First, I should acknowledge my indebtedness to Greg Littmann and Keith Simmons, whose essay “A Critique of Dialetheism” was the inspiration for this post.
Dialetheism, for those not in the know, is the thesis that that some contradictions are true. It is platitudinous that some of the things people say are true and others false—and some, dialetheists add, are both true and false. At first sight, this is an odd yet intriguing view. But why believe it?
Dialetheism is usually motivated by considerations involving logical and semantic paradoxes, most famously by the Liar paradox. One of the most basic versions of the Liar is (1):
(1) This statement is false.
Is (1) true? If it is, then what it says is the case, and since what (1) says that it’s false, it’s false. But if (1) is false, then what it says is not the case, and since (1) says that it is false, it is false that it is false, and hence (1) is true. So if (1) is true, it’s false, and if it’s false, it’s true. Contradiction.
There are various things one could say at this point, but the important thing is what the dialetheist says, and what the dialetheist says is that (1) is both true and false. There are many things which can be said in favor of this view, some of them very compelling. There are also many things which can be said against it that are equally compelling. My aim, however, is not to argue either that dialetheism must be accepted or rejected as a matter of principle, but rather to show that the dialetheic treatment of logical and semantic paradoxes cannot be extended to all versions of the Liar. Consider for a moment (2):
(2) This statement has the same truth value as “0 = 1”.
Assume (2) is false. If so, it must have a different truth value than “0 = 1”, for what (2) says is that they have the same value. Since “0 = 1” is false, (2), if it has a different value, must be true. But if (2) is true, it has the same truth value as “0 = 1”, for that they have the same truth value is precisely what (2) says. Now if (2) is true, and it has the same truth value as “0 = 1”, then “0 = 1” must also be true, and hence we can conclude that 0 = 1 !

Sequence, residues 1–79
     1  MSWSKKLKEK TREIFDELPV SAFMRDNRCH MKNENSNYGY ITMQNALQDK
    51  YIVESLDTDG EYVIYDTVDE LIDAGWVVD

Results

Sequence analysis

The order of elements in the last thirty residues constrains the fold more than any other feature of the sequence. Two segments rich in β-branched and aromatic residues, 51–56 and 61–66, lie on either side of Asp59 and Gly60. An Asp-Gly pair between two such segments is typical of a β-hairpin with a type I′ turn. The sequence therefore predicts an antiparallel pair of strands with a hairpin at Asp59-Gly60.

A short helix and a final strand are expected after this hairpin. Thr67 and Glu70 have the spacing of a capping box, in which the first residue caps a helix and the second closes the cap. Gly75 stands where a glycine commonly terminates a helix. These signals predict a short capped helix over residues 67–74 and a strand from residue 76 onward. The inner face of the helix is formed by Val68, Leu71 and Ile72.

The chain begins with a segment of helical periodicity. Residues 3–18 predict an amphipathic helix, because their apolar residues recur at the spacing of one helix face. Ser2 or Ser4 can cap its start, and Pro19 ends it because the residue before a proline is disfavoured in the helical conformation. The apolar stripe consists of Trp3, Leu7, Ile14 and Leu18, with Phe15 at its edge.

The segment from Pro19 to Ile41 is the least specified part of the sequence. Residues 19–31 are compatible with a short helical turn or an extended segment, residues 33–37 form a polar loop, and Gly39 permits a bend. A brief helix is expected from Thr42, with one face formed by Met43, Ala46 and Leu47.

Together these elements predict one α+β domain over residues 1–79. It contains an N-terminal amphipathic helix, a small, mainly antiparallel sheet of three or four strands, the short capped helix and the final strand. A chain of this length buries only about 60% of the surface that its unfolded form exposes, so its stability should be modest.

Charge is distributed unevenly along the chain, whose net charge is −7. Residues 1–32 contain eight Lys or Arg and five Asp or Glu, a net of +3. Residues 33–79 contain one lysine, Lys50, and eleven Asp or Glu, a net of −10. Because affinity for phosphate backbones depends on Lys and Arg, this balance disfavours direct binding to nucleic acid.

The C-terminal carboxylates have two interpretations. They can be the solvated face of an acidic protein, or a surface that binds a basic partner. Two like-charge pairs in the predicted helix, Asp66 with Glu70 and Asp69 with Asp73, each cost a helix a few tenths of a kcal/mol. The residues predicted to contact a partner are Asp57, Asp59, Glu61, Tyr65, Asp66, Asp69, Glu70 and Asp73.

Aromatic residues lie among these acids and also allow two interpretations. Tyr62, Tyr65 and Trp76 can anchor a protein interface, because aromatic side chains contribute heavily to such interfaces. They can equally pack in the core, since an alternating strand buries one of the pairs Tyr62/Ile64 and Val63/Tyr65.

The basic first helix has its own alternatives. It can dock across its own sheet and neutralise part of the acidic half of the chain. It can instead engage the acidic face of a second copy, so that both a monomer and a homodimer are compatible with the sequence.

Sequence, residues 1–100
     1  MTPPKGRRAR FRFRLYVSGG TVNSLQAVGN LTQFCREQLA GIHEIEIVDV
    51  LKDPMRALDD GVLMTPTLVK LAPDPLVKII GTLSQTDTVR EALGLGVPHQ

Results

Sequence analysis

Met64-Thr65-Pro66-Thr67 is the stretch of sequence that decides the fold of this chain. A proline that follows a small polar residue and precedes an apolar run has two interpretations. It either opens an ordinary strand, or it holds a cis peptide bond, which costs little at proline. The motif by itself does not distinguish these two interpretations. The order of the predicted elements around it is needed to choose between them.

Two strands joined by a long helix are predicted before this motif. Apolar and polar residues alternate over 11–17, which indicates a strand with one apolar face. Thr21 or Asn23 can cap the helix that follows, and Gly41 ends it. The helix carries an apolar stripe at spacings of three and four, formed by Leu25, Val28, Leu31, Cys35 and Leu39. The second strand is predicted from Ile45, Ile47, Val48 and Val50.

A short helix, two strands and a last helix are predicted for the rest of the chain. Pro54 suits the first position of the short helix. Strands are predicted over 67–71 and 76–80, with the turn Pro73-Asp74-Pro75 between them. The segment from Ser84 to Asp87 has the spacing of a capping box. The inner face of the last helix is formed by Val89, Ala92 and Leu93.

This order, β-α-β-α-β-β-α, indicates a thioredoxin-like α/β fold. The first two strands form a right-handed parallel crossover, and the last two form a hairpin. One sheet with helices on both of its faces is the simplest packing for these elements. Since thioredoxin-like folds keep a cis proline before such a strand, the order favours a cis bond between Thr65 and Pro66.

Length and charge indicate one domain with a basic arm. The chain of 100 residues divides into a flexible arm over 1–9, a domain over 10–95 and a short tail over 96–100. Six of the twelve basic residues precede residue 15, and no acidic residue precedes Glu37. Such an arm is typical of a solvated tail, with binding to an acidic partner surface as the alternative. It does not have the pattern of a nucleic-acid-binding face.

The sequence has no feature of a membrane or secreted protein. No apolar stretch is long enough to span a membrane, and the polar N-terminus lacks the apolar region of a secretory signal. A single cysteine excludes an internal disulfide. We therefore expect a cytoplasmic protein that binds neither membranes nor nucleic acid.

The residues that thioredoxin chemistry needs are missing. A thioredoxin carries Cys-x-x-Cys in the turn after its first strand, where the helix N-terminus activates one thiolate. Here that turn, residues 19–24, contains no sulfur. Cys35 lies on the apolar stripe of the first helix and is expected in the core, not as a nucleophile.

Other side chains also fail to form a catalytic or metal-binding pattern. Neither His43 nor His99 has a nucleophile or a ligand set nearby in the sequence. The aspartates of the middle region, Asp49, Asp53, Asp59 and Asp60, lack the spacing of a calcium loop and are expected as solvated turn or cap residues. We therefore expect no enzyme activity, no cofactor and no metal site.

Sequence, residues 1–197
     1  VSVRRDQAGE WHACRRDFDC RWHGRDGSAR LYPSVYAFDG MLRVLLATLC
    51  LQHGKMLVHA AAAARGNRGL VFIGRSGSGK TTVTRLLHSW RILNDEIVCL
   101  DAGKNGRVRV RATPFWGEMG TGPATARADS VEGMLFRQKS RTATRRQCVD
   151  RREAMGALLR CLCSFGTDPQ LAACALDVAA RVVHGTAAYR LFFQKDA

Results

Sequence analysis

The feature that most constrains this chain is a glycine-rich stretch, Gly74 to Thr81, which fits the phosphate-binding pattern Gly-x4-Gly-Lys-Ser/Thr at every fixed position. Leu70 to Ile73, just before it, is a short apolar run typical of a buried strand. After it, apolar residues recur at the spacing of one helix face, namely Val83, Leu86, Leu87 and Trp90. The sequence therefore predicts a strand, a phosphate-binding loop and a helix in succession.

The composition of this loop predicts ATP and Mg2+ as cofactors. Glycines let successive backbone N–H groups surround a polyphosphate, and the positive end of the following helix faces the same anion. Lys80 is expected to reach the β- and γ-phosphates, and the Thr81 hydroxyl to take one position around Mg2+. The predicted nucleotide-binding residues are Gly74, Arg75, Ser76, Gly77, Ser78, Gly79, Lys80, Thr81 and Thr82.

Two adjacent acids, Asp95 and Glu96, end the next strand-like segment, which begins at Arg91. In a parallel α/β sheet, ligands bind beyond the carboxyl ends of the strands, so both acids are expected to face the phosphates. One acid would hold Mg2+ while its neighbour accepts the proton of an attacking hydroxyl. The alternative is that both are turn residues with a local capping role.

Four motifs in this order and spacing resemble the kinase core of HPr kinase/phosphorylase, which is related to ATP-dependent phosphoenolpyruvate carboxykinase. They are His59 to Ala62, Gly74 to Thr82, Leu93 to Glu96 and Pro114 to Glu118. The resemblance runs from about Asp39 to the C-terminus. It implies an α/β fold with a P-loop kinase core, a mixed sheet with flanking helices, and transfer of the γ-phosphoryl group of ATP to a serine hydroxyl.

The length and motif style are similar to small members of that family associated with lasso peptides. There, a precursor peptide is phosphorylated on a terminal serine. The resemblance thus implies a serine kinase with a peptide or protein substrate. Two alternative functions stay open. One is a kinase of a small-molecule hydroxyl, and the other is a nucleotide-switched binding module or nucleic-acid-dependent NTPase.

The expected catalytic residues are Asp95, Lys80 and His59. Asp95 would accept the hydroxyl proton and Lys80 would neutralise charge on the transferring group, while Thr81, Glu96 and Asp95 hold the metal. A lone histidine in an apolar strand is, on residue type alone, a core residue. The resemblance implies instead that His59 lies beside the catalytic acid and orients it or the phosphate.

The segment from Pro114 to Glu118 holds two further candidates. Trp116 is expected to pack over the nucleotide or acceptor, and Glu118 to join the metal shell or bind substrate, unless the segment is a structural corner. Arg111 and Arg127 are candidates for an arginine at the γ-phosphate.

We cannot give (2) a dialetheic treatment—holding that it is both true and false— for we can substitute any falsehood we like for “0 = 1” and use the paradox to show it must be true as well as false. We would then end up with trivialism—the view everything is both true and false! Since (2) cannot be solved by dialetheic means, it must have a different, consistent solution. There are many avenues we could pursue, such as tweaking the T-schema, holding that (2) expresses no proposition, adopting some form of the theory of types, etc. , but the point is that at least one of them must be successful. Granting this, why can’t we solve more traditional variants of the Liar in the same way? Dialetheism might still be true—in some attenuated epistemic sense of “might”—but even so it is not a perfectly general solution to all Liar-like paradoxes. If other kinds of Liar statements can be given the same treatment as (2), whatever that may be, dialetheism loses much of its motivation. If other reasons can be found for believing in true contradictions, well and good—but so long as consistent solutions are on the table, I think they ought to be preferred.
 “A Critique of Dialetheism”, in The Law of Non-Contradiction: New Philosophical Essays, Oxford University Press 2006. In particular I was inspired by their sentence (Z):
(Z) has the same complete and correct evaluation as the sentence ‘1+1=3’.
(Z) can be found in footnote 26 on page 333 (Paperback version).
If we had started out by assuming (2) is true, we could have reached the same conclusion in half the time.